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I simply forgot last week's update. It happens and I am sorry. I did post about the loss of one of my favorites from Babylon 5; Stephen Furst.

I thought I'd link and copy a few of his obits and such. I WILL have a regular update next week.

Stephen Furst (1955 - 2017)

Stephen Furst, the actor best known for playing Flounder in “Animal House,” died Saturday, June 17, 2017, of complications related to diabetes, according to multiple news sources. He was 63.

Furst’s death was confirmed to TMZ by his son, Nathan, who said he died at his home in Moorpark, California, surrounded by family. Furst, who had diabetes for much of his life, was a spokesman for the American Diabetes Association.

He starred as the awkward fraternity pledge Kent “Flounder” Dorfman in the hit comedy, “National Lampoon’s Animal House” (1978). He reprised the role on the TV sitcom version, “Delta House,” which aired for one season in 1979.

Furst had other notable television roles including Dr. Elliot Axelrod on “St. Elsewhere” (1983-1988), and Vir Cotto on the sci-fi series “Babylon 5” (1994-1998). He also went on to direct three movies for the Sci Fi Channel during the 2000s.

Born May 8, 1954, in Norfolk, Virginia, Furst was a graduate of the theater program at Virginia Commonwealth University.

“To truly honor him, do not cry for the loss of Stephen Furst. But rather, enjoy memories of all the times he made you snicker, laugh, or even snort to your own embarrassment. He intensely believed that laughter is the best therapy, and he would want us to practice that now,” his sons wrote in a message to friends and fans on his Facebook page.

Others paid tribute to the actor on social media.

Director Kevin Smith: “As an awkward round kid, Flounder was the Delta I most identified with in Animal House, my fave comedy. Stephen Furst helped shape who I am.”

Actor Bruce Boxleitner: “I just received news of the passing of another member of our #Babylon5 family. Stephen Furst ‘Vir Cotto,’ RIP, my friend.”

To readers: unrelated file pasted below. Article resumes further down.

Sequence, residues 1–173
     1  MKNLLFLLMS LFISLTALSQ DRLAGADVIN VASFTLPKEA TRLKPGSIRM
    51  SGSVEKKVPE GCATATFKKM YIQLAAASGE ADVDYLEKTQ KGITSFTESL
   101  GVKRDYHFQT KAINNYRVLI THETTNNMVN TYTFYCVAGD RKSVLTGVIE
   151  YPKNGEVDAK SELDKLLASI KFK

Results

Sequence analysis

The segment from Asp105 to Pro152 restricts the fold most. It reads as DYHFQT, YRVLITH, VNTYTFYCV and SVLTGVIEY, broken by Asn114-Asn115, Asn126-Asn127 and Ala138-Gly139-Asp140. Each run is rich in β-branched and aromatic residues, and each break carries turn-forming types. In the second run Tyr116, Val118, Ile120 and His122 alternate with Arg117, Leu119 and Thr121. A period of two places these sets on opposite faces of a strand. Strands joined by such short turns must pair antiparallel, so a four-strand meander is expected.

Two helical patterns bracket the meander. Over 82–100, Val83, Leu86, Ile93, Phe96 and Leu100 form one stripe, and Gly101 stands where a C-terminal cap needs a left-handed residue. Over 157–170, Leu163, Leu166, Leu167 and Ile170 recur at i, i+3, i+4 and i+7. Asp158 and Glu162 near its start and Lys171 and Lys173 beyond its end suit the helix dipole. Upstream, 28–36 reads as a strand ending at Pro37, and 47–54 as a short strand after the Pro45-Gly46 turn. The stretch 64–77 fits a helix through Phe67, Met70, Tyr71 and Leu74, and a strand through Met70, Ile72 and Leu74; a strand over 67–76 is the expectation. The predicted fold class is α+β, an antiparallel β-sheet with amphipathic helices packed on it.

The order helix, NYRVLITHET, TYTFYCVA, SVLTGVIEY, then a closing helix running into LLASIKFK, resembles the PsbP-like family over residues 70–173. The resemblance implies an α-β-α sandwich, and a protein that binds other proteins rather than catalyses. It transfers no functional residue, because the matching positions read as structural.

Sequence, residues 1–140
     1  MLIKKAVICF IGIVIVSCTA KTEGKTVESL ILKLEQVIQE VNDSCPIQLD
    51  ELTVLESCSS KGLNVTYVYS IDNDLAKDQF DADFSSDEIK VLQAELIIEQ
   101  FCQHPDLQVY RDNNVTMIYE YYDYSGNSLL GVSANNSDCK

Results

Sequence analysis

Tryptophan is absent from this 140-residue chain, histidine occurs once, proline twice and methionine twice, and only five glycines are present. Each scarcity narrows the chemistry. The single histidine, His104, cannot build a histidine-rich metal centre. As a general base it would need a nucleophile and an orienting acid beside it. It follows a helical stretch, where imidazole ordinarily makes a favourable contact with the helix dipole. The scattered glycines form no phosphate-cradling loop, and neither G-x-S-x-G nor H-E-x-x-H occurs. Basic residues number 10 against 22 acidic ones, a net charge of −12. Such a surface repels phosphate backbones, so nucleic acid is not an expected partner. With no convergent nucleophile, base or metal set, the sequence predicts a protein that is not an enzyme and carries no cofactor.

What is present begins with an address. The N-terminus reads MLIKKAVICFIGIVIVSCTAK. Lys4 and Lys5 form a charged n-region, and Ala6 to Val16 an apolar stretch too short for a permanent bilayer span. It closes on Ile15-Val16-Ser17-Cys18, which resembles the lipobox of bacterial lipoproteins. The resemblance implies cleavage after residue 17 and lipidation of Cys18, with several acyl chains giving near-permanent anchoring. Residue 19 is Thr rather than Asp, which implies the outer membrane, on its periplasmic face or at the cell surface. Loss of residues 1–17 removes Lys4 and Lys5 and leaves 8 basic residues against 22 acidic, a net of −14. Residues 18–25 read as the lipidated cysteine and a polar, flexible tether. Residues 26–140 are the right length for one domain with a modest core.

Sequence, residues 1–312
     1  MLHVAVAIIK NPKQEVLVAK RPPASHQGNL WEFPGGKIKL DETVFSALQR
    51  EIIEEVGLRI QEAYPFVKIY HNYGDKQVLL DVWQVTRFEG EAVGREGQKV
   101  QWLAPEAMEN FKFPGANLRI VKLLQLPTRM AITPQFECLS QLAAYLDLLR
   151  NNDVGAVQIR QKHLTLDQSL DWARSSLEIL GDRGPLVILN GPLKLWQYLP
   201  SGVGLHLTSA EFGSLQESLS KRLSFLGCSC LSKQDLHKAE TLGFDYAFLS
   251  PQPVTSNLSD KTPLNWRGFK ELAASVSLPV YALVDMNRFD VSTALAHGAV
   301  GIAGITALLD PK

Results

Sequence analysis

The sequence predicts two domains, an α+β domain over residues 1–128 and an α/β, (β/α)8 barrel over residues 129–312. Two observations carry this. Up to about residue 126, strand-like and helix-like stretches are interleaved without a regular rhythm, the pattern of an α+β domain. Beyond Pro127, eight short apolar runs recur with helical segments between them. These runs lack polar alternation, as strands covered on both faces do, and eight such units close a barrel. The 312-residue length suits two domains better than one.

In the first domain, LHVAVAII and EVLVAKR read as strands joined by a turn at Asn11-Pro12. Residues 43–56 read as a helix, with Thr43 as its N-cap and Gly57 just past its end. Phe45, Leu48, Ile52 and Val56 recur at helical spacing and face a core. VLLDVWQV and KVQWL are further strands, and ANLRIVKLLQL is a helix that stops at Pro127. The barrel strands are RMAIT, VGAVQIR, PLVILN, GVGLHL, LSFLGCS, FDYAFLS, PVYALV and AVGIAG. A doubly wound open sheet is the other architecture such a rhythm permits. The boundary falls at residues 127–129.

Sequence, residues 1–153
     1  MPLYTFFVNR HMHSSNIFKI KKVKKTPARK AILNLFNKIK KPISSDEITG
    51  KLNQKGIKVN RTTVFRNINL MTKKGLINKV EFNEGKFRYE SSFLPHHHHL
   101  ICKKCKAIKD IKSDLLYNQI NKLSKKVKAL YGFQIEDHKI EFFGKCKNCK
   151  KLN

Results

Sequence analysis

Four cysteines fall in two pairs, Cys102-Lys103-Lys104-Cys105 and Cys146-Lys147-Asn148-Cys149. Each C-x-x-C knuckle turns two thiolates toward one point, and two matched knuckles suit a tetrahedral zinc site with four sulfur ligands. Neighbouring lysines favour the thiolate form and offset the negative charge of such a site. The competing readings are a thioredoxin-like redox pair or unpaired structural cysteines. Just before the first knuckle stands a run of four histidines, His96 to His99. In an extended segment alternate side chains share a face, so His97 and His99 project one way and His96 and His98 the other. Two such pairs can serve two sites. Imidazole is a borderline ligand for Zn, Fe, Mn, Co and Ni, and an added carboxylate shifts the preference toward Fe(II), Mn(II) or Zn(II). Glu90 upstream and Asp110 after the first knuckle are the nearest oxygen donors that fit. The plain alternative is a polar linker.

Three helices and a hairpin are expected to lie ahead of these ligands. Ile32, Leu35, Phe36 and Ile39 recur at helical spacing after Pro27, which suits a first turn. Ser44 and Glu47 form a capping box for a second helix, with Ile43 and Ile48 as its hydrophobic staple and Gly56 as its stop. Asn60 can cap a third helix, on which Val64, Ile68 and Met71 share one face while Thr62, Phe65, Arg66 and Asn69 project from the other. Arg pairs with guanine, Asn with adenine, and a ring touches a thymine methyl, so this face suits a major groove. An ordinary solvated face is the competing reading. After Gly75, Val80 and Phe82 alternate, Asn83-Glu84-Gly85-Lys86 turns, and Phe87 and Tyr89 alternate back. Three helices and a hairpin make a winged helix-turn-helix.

Furst is survived by his wife, Lorraine, sons Nathan and Griff, and two grandchildren.


Flounder, the hapless fraternity student in the 1978 film National Lampoon’s Animal House, was Stephen Furst’s signature role, and one that Furst, who has died aged 63 of complications from diabetes, was typecast into recapitulating for much of the rest of his career. It’s Flounder (aka Kent Dorfman) who is told by Dean Wormer (John Vernon) that “fat, drunk and stupid is no way to go through life, son”. It’s Flounder who, after his friends have trashed his brother’s cherished car, hears Otter (Tim Matheson) explain: “You can’t spend your whole life worrying about your mistakes. You fucked up. You trusted us.”

But the sensitivity Furst brought to Dorfman, who gets into the frat only because, as Stork points out, “we need the dues”, made Flounder real and popular: he had a naive innocence, an unawareness of his physical appearance, and a caring sense of humour. Audiences could imagine him growing into the role of a kinder, gentler version of fellow student Bluto (John Belushi).

And it was totally believable, as the ending sequence of Animal House states, that Flounder would grow up to become executive director of Encounter Groups of Cleveland. That sensitivity made him successful in long runs on two TV series, as Dr Eliot Axelrod on St Elsewhere (1983-88) and then as Vir Coto, the Centauri ambassador who begins as a bumbler and grows into the conscience of the series Babylon 5 (1994-98).
Flounder gets even in Animal House, 1978